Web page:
Practically every platform that emerges these days claims to have come up with a new and unique consensus model that solves all the problems of its predecessors. Undeniably, proof-of-work (PoW) has issues, including speed and scalability, which were known since the beginning of Bitcoin. The extreme energy consumption is a problem that emerged later, as mining became a more lucrative proposition.
Proof-of-stake (PoS) emerged as an elegant solution that could address some of these challenges. When combined with other innovations such as a multi-chain architecture and transaction pruning, pretty much all of the challenges of a linear PoW blockchain can be overcome.
PoS Attacks – Theoretical, But Not Practical
The major arguments that people use against PoS are based on theoretical scenarios that have never come to fruition on any PoS blockchain. Nxt was among the first PoS blockchain, and in the 6.5 years it has been in operation, nobody has ever executed a successful nothing-at-stake attack.
There are two reasons for this. Firstly, any would-be attacker would need to successfully override the underlying software, which force-selects the best fork based on the stake invested.
Secondly, even if this could be overridden, the attacker would need to control over 50% of the network tokens. Only then would they stand a good enough chance of being picked to forge the next block for long enough to execute a double-spend successfully.
Similar software-based controls can be put in place against long-range attacks. For example, creating a checkpoint every x blocks can reconcile any fork against the current state of the blockchain and reject it if it contains discrepancies.
In the case of either a nothing-at-stake attack or a long-range attack, the risk is roughly the same as Bitcoin facing a 51% attack. While it’s not an impossibility, it’s so difficult, or expensive, or both, that it’s all but impossible.
This practical reality means that the penalties for double-voting or wrong voting introduced by models like Ethereum’s Casper are unnecessary. In fact, they may only serve to alienate stakers who are being penalized for making a simple mistake by voting on the wrong fork.
So, if we’ve proved that proof of stake works, why is everyone still trying to “fix” consensus? Furthermore, many of the attempts to construct elaborate governance models around the simplicity of a working PoS are actually introducing more problems.
Too Much Complexity
Among the later iterations of PoS are delegated proof-of-stake (dPoS,) used by EOS, Cardano’s slot elections, or the “liquid” proof-of-stake deployed by Tezos. In general, these involve token holders casting votes or delegating their voting rights to others.
Most of these iterations do little more than introduce additional complexity for network stakeholders. Even worse, they open up a whole raft of issues that wouldn’t occur in a traditional centralized model.
For example, EOS has come under fire for being too centralized, with allegations of vote-buying and vote-trading among the larger token holders. This was happening within months of the EOS mainnet launch. A governance model that became so easily corrupted can hardly claim to be superior to one used by blockchains that have been running for years without incident.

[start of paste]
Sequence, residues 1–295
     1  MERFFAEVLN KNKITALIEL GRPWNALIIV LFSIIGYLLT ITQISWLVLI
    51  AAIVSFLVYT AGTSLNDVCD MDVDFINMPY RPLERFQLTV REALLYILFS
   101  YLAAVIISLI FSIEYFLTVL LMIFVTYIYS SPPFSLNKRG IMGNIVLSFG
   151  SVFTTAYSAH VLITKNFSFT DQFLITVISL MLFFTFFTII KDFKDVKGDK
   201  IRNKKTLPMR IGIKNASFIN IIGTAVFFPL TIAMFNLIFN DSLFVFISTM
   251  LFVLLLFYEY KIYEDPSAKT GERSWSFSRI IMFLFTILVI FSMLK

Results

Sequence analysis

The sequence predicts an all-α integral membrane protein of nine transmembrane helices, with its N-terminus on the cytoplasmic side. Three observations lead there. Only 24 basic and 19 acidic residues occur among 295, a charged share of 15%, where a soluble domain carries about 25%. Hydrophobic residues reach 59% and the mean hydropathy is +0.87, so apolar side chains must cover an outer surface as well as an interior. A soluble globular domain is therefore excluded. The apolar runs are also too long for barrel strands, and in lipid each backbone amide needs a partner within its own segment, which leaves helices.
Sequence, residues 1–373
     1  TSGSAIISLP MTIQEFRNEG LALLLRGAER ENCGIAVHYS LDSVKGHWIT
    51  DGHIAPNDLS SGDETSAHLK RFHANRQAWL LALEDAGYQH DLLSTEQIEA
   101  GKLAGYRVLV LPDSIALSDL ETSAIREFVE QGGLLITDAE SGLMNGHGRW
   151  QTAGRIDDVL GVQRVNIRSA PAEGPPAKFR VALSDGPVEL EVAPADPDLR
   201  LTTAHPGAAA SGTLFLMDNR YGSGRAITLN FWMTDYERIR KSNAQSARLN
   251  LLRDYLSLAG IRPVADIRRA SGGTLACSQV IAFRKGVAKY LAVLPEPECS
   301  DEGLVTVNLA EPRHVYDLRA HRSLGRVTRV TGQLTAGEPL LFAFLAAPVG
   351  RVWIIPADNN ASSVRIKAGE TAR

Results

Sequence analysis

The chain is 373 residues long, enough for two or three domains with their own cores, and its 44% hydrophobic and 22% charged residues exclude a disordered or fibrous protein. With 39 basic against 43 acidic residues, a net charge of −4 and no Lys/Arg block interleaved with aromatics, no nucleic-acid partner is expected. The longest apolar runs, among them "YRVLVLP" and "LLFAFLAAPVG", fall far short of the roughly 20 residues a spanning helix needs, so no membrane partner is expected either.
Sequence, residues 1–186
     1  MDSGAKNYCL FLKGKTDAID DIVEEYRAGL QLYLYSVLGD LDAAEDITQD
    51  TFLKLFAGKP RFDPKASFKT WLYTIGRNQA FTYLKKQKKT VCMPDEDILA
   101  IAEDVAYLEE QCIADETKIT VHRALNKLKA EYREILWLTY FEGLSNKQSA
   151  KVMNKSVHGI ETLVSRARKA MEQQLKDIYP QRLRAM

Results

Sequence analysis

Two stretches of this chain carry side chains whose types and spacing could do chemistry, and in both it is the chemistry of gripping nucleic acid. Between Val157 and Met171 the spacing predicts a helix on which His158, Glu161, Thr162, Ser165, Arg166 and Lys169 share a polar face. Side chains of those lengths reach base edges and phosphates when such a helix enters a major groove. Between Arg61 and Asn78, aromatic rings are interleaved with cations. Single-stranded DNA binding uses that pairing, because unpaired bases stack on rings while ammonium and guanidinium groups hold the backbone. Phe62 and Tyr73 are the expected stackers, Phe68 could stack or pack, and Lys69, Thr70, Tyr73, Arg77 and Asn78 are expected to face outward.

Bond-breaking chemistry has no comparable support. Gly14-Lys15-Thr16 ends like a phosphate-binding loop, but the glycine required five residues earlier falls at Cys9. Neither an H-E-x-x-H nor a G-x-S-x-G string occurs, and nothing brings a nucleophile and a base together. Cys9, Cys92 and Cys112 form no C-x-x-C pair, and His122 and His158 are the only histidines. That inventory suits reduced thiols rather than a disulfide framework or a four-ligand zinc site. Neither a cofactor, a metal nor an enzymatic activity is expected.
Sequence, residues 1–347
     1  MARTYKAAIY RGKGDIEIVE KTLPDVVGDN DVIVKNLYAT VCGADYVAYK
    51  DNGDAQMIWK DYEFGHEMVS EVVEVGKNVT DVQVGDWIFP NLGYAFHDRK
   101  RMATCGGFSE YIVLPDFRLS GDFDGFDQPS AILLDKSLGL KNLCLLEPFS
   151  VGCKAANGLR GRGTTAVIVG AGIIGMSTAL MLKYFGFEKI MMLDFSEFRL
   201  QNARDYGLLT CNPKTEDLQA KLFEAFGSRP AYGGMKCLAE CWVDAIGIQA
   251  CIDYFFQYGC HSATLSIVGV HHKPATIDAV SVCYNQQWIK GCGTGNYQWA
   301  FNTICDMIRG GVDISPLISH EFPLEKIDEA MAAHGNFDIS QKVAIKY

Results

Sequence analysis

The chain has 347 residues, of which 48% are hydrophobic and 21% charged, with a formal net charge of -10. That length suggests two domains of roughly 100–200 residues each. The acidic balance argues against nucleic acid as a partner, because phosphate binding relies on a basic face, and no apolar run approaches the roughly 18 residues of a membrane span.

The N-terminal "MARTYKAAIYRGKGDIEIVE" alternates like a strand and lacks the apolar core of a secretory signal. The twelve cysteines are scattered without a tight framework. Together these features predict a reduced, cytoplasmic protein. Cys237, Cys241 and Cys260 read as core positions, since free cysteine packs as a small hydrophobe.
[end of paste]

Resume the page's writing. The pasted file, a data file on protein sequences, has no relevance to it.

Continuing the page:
Furthermore, these complicated governance constructs create a risk of bugs. The more programming needed for the implementation, the bigger the risk that the code will have vulnerabilities that can be exploited by malicious actors.
The Dangers of Staking Pools
The complexities involved in these newer models have led to a proliferation of staking pools. These pools supposedly exist to make it easier for users to navigate the staking process and encourage participation.
However, the other side of the argument is that staking pools are an issue waiting to happen. In the blockchain space, we’ve already seen every conceivable type of scam covering everything from fake ICOs to exchange hacks to Ponzi schemes. How long is it going to be before some users find they aren’t going to get their fair share of profits from a staking pool? Even the most honest actors operating a staking pool will want to keep a portion of profits for themselves.
Staking pools also further compound the issue of centralization already introduced by the leader election model. If all token holders are participating via staking pools because it’s easier and more passive, then many are unlikely to take advantage of their voting rights. Active stakers care about the future of the network, beyond just taking a share of profits.
Finally, the very existence of staking pools is a tacit admission that voter-based staking models are too complicated. After all, if the average user can easily navigate the staking process, why would they want or need to participate in a staking pool that’s likely to erode their profits and voting rights?
If It Ain’t Broke
The human “complexity bias” is a real psychological phenomenon. When presented with two choices, we naturally veer towards the most complicated one. This is evident when we consider the tendency within the blockchain community to reject a straightforward PoS solution in favor of a more convoluted construct.
But in the context of blockchain, giving in to this tendency could end up actively damaging adoption. If the technology is to survive in the long term, we should be removing barriers. That means keeping it simple and not fixing what isn’t broken.